Press Conference of Vice President Al Gore.
Re: Privacy proposals.
Date: July 31, 1998.
Source: This document was transcribed by TLJ from an audio tape of the press conference.
Participants: The speakers were FTC Chairman Robert Pitofsky, Secretary of Commerce William Daley, Ann Pullium, and Vice President Al Gore, The audience was comprised of Members of Congress involved in privacy legislation, EU Ambassador Hugo Paeman, representatives of privacy advocacy groups, legislative, agency, and White House staff, and members of the press. The speakers did not take questions from the press.
Robert Pitofsky: Good morning everyone, I am Bob Pitofsky, Chairman of the Federal Trade Commission. It is a great pleasure for me to participate in this meeting that will introduce a set of proposals to strengthen the privacy rights of all Americans. All sectors of the government and the business community are increasingly coming to realize that issues relating to citizens' right to privacy are critically important. The decisions that are taken and the directions we choose will affect the way in which Americans operate in the marketplace, and. It is a particular pleasure for me to have an opportunity to introduce the Secretary of Commerce, who has been ahead of the curve on these issues, and has done a great deal personally to focus the attention on how important these issues are to American consumers. The Federal Trade Commission has had full opportunity to share views will other sectors of government and the business community, and cooperate with the Department of Commerce in the development of this agenda. We pleased to have had a role in this project, which we think strikes an essential balance between the needs and rights of Americans and the importance of not unduly burdening commerce, or unnecessarily impeding the flow of [inaudible word]. Secretary Daley has been a leading figure throughout this process, well known for his business expertise and [inaudible word] skills, the Secretary has been the administration's point person in addressing various privacy concerns, relying on private sector leadership when possible. It is my pleasure to introduce the Secretary of Commerce, the Honorable William Daley. [Applause.]
William Daley: Thankyou for those kind words. And more importantly, thankyou for the leadership which you provided and also for this entire project, the strong words and their direction, are most appreciated, appreciated by all of us [inaudible words] fellow agencies, government, the White House, personnel who have been involved, so active.
For many years in our country we have had a lively debate in our country on the subject of privacy. But for many years it has been proven a very hard issue to deal with. On the one hand, privacy is a fundamental America value. American's must have the final word on whether their personal information is disclosed or not. But the on the other hand, the idea of open government, a free flow of information, is a treasured American value. It is the American way. So we must find a balance, as technology becomes more sophisticated, it changes that balance, and it makes these decisions even more difficult. I believe that President Clinton and the American people are extremely fortunate to have someone who is our leader on this debate who understands all of these issues. The Vice President is known as a technology guru. He knows all -- [Laughter.] Now, believe it or not --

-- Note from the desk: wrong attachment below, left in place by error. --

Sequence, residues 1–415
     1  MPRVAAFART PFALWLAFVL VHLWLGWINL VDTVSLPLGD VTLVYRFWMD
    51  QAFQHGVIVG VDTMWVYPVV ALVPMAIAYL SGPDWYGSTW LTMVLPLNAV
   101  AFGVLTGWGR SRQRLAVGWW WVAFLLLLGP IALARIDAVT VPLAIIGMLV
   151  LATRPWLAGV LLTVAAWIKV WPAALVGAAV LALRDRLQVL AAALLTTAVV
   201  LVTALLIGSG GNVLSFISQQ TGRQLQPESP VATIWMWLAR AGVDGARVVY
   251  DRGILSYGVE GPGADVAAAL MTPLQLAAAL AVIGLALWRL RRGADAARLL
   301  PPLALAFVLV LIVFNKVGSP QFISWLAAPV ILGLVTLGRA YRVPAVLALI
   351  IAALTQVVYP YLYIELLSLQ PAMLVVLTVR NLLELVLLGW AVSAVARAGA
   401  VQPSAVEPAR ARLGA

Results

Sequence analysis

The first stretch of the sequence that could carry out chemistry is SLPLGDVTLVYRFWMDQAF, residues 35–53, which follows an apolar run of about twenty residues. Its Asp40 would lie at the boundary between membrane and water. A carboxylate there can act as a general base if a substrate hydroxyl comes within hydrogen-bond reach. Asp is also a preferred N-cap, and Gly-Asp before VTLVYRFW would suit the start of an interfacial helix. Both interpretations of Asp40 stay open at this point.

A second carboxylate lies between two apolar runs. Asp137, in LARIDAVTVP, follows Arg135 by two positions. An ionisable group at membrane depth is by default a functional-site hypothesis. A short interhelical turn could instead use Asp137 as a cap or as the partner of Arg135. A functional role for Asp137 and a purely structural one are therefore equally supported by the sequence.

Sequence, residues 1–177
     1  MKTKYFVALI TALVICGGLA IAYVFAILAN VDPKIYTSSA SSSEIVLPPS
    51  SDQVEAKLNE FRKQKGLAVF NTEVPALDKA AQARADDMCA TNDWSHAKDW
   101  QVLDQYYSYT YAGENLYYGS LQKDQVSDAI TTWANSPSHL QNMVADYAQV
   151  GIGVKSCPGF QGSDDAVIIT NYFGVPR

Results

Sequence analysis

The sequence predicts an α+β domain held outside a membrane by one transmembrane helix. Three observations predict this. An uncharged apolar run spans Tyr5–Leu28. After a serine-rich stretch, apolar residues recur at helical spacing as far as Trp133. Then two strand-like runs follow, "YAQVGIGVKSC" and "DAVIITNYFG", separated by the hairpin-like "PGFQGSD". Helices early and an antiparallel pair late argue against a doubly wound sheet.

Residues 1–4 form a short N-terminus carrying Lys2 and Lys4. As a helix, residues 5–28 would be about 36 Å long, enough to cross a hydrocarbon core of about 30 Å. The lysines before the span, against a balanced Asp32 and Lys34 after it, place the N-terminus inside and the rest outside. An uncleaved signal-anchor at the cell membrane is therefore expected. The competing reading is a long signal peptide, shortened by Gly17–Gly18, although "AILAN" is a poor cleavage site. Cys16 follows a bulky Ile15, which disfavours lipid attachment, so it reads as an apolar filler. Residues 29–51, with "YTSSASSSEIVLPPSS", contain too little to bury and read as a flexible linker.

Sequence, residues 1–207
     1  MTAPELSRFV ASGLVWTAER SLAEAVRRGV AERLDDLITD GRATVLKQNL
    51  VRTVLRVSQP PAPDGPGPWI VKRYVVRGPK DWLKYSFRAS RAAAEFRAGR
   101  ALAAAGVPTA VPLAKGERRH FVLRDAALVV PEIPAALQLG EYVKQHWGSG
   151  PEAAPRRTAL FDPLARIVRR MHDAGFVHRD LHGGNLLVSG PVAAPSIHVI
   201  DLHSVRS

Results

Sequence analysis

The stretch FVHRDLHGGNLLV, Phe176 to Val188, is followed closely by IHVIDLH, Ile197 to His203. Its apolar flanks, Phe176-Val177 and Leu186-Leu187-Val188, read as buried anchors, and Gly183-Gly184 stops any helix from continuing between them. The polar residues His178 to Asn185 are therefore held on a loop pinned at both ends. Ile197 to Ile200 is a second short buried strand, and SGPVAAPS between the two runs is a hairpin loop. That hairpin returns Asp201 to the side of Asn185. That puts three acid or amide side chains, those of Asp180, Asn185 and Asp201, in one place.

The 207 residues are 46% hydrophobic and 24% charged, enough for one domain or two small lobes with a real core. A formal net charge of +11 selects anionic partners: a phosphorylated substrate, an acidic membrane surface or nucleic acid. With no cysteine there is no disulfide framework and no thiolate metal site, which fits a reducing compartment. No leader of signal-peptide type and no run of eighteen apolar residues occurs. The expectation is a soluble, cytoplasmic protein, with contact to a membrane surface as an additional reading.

Al Gore: You're right. [Laughter.]
William Daley: He knows all of the virtues of technology. But he also knows that we must deal with technology's unanticipated results. The Vice President clearly appreciates the need for a free flow of information in our free society. And as concerned parents, he and Mrs. Gore have a long track record of protecting children too young to protect themselves. All this experience, all of this experience has taught the Vice President that now is the time to pause, look around, have a discussion on privacy that is not locked in time but takes into account the new realities that new technologies changes America. Today the Vice President will announce a privacy agenda that very comprehensive. It relies on the private sector leadership where possible, and it relies on legislation when necessary. It requires all of us who [inaudible word] to handle personal information more carefully. It is an agenda that shows that we join together -- industry, advocacy groups, and government, which can do things the right way.
Today we want to illustrate just how important this is to innocent American people. With us today is Ann Pullium from McClean, Virginia. She and her husband became the victims of identity theft. Somebody used their social security numbers to make phoney transactions and to profit from them. Mrs. Pullium has an incredible story to tell that ought to serve as a wake up call to all consumers and law enforcement officials. [Applause.]
Ann Pullium: [not transcribed.]
Vice President Al Gore: